In high school, my least favorite English lessons were ones involving Greek mythology. 20 years hasn’t changed my opinion but I do appreciate the ancient philosophical works of Plato, Aristotle, and Socrates, of which I became very familiar during my political theory courses in college. There is one quote that particularly resonates with me as another new year commences…
“The secret of change is to focus all of your energy, not on fighting the old but on building the new.”Socrates
New Year’s resolutions nowadays are about as popular as landlines and Canadian tuxedos – it seems most people are forgoing the traditional “Lose 20 pounds!“, instead choosing a word or phrase to sum up their intentions for the coming year. Identifying a word to focus on throughout the year can assist with achieving a wide-range of goals; no matter how big or how small. The word can become a personal mantra – something to repeat over and over when said goals feel unattainable or stagnant.
So how did I go about choosing my word for 2020? First, I wrote down everything I hope to accomplish, regardless of how preposterous. I filled a page in my journal with aspirations, benchmarks, goals, and dreams. I circled the goals that were specific, measurable, and attainable. I starred the ones that made me the most excited. And then I mapped my goals again, this time categorizing them with like-minded aspirations. When I stepped back and looked at everything I want to accomplish in 2020, it felt like a tangled web of less/more statements…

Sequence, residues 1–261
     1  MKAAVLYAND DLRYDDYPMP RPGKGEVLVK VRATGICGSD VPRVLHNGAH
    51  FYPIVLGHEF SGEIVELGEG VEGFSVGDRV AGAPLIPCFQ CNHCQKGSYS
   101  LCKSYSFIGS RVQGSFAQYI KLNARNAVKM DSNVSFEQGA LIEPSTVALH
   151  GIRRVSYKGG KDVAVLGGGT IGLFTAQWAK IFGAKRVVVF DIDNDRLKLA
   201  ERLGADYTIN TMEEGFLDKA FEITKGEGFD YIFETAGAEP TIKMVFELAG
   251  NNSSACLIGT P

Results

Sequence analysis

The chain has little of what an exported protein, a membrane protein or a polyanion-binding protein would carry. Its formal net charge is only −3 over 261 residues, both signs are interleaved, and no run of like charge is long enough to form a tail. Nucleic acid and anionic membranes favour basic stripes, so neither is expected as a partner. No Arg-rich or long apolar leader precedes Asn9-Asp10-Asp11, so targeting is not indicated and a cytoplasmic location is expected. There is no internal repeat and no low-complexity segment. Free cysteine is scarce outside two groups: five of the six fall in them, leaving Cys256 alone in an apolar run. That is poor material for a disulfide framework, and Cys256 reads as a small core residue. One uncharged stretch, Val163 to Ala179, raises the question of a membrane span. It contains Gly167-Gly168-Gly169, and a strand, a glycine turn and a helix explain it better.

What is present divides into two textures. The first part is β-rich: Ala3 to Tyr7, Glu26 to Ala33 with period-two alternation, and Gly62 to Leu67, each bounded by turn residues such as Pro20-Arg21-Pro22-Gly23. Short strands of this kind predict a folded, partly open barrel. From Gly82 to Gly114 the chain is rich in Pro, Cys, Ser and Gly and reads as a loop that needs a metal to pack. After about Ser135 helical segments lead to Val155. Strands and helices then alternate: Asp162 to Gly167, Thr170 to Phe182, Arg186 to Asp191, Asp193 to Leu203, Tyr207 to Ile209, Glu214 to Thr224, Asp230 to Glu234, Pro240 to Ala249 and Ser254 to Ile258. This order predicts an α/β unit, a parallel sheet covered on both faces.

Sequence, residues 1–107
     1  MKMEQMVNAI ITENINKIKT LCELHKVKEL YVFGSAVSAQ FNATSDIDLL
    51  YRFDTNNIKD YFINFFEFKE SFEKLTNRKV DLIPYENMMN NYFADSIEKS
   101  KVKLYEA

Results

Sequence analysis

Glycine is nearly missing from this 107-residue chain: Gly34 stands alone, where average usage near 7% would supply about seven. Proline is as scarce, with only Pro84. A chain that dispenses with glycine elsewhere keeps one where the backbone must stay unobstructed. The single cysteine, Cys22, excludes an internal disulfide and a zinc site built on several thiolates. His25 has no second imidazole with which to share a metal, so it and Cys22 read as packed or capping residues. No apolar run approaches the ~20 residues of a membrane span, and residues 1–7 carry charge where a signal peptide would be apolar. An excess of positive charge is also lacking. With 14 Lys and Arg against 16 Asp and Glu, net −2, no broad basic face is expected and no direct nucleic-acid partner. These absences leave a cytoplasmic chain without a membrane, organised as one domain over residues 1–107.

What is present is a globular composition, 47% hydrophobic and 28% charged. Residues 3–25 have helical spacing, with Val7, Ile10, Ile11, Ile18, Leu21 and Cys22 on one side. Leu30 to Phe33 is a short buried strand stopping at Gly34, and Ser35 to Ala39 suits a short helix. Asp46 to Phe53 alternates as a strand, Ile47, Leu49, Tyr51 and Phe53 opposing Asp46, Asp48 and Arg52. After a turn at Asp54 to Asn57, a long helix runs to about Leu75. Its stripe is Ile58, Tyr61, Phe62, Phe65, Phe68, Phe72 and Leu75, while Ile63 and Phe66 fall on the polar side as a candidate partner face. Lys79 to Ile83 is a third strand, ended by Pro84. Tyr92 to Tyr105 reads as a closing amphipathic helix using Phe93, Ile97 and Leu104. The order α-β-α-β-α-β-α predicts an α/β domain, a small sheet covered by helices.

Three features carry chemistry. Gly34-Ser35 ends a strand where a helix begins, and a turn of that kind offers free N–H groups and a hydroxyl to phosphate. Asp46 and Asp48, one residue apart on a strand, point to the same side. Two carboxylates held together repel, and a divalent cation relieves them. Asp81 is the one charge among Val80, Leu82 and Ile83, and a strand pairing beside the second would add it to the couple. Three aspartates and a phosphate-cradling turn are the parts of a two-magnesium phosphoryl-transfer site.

- less fear/more risk
- less apathy/more passion
- less sugar/more greens
- less idleness /more mindfulness
- less planning/more doing
- less social media/more books
- less envy/more appreciation
- less alcohol/more water
I really feel like 2020 will be a transformative year. Our family has a lot of change on the horizon and there is a fire within me that I haven’t felt in years. And when thinking about said fire, I pictured a hearth being used to shape a piece of metal – a practice I am unfamiliar with beyond observing demonstrations at Colonial Williamsburg and Greenfield Village. And then I started to think of words such as form, create, produce, commit, and ignite. Then I was reminded of a quote that I came across last month…
“We become what we behold. We shape our tools, and thereafter our tools shape us.”Marshall McLuhan
Because of this, I couldn’t shake the word forge out of my head. It is a word that has many connotations, not all positive: to form, to create, to mold, to falsify, to copy. But perhaps that is why I was drawn to forge in the first place – it isn’t a simple word. Those five letters can have a variety of meanings – it all depends on how you use it. The word itself is a showcase of the importance of intention. The more I thought about it, the more I loved the idea of making forge my word for the year.
This year, I will forge ahead. I will move forward and strike while the iron is hot. I will allow myself to be shaped by what I’ll experience with an understanding that success isn’t a final destination, but rather a journey filled with peaks and valleys. So here is to 2020. May we strive. May we work hard. May we succeed. And may we drink more water.